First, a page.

Buildings and infrastructure also need to cope with climate change. It is vital to update structural design regulations to optimize European climate resilience and guaranteeing the safety of structures that are predicted to suffer from deviations in atmospheric variables and more often, powerful, and extreme weather events.
In 2017, the Joint Research Centre (JRC)—the European Commission’s science and knowledge service—set up the scientific network on the adaptation of structural plans to climate change.
A network of professionals, including the CMCC Foundation, focused on examining how research can support decision-makers to consider predicted changes in the climate system while modifying the Eurocodes, the European regulations for structural design.
The role of anticipated temperature increases in Europe in the coming decades is at the core of two new reports prepared by the network. The focus of the first one is on thermal actions on structures (Thermal design of structures and the changing climate), and that of the other is on corrosion in the backdrop of a changing climate (Expected implications of climate change on the corrosion of structures).
In their input to these publications, CMCC scientists from the REMHI division—Regional Models and geo-Hydrological Impacts—examined temperature differences and other atmospheric variables predicted for the next 50 years, a period that typically signifies the usage life of a structure constructed today. The study used the results of the forecasts found in the EURO-CORDEX ensemble.
The first research studied the “worst-case” scenario (RCP8.5)—or rather the “high emissions scenario”—and forecasts an increase in greenhouse gas emissions at existing rates for the future as a reference scenario to examine the case study of Italy, noting for the whole country a related temperature peak by 2070.
Taking as a reference the maximum and minimum temperature levels that are expected to occur at least once in 50 years, we found a significant increase in both the maximum values of the maximum temperature—which in some areas of Italy can reach +6°C—and the maximum values of the minimum temperature—with variations up to +8°C in the mountain ranges.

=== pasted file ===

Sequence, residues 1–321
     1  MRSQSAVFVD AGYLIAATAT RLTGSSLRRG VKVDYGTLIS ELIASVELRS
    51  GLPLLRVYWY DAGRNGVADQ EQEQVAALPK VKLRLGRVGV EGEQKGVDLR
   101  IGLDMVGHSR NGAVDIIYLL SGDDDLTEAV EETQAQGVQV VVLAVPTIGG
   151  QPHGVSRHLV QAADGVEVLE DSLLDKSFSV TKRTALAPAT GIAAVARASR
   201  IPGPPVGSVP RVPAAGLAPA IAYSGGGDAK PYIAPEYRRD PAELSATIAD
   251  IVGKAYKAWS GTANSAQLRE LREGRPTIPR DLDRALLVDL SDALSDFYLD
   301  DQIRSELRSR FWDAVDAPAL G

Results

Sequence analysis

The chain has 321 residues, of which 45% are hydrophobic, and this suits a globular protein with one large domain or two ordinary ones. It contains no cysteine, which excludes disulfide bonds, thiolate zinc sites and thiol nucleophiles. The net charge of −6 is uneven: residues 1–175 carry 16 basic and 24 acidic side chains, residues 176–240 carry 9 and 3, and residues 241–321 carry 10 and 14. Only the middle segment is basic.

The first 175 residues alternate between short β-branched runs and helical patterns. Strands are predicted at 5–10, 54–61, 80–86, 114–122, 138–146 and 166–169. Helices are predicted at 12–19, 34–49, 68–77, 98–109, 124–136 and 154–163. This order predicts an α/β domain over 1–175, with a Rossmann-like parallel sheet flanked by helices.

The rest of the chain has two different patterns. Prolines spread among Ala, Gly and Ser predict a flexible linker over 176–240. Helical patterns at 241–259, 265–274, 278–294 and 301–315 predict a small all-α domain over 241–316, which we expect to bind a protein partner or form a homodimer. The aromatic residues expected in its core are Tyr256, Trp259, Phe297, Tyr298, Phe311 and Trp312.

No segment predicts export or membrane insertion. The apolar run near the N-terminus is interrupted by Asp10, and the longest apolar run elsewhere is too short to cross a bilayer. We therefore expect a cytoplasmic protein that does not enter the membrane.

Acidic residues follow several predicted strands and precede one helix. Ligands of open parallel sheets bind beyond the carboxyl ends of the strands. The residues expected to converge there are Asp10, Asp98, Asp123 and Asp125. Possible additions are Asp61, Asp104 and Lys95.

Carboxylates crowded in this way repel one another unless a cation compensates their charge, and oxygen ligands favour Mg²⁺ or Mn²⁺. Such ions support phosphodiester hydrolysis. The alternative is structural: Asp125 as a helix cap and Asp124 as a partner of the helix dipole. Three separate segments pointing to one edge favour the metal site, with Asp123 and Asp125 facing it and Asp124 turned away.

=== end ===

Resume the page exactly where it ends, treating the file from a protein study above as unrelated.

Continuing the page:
Guido Rianna, Study Author and Researcher, CMCC Foundation
Rianna added, “The increase in minimum temperature may not be that relevant for buildings, as it implies that constructions will be exposed to less rigid temperatures than today, and therefore less stress. Instead, the increase in the maximum expected temperature could lead to the need for a revision of building standards to ensure the safety of constructions: linear structures such as bridges and viaducts, for example, are subject to thermal expansion.”
The second publication relates to a research work—carried out on a European scale—on the predicted deviation in air temperatures and relative humidity in 2070 caused by climate change, the goal of which is to understand the degree to which these atmospheric variables may influence the corrosion of buildings in the years ahead.
In fact, rising temperature and relative humidity can speed up the corrosion process of steel bars or structures within reinforced concrete, which compromises their resistance and thus risks the safety of buildings.
“Climate simulations tell us that temperatures in the next 50 years are increasing significantly throughout Europe, albeit with regional differences,” adds Rianna. “The extent of this increase is between 3 and 5 °C on average and depends on the climate change mitigation measures that will be implemented.”
Even in this case, the authors note that a revision of the Eurocodes may be essential to take into consideration the speeding up of the corrosion process in buildings triggered by climate change and offer measures to restrict it.
According to the study, future variations in relative humidity are not noteworthy. This signifies that the true engine of corrosion processes of structures on a European scale will be characterized by a rise in temperature, instead of humidity.
These publications are the result of a series of studies aimed at supporting the definition and revision of the European standards for structural design most suited to the world of the future. After having analyzed, in the past, the impact of snowpack and in these recent studies, thermal impact, the next step will be to study the impact of wind.
Paola Mercogliano, Director, REMHI division, CMCC Foundation
Mercogliano continued, “Our ultimate goal is to support policy-makers and builders with sound services and information for the update of current structural design standards, considering the various atmospheric phenomena and the different types of constructions, in order to allow for the implementation of effective policies and adaptation actions.”
Athanasopoulou, A., et al. (2020) Thermal design of structures and the changing climate. JRC Technical Report. doi.org/10.2760/128894.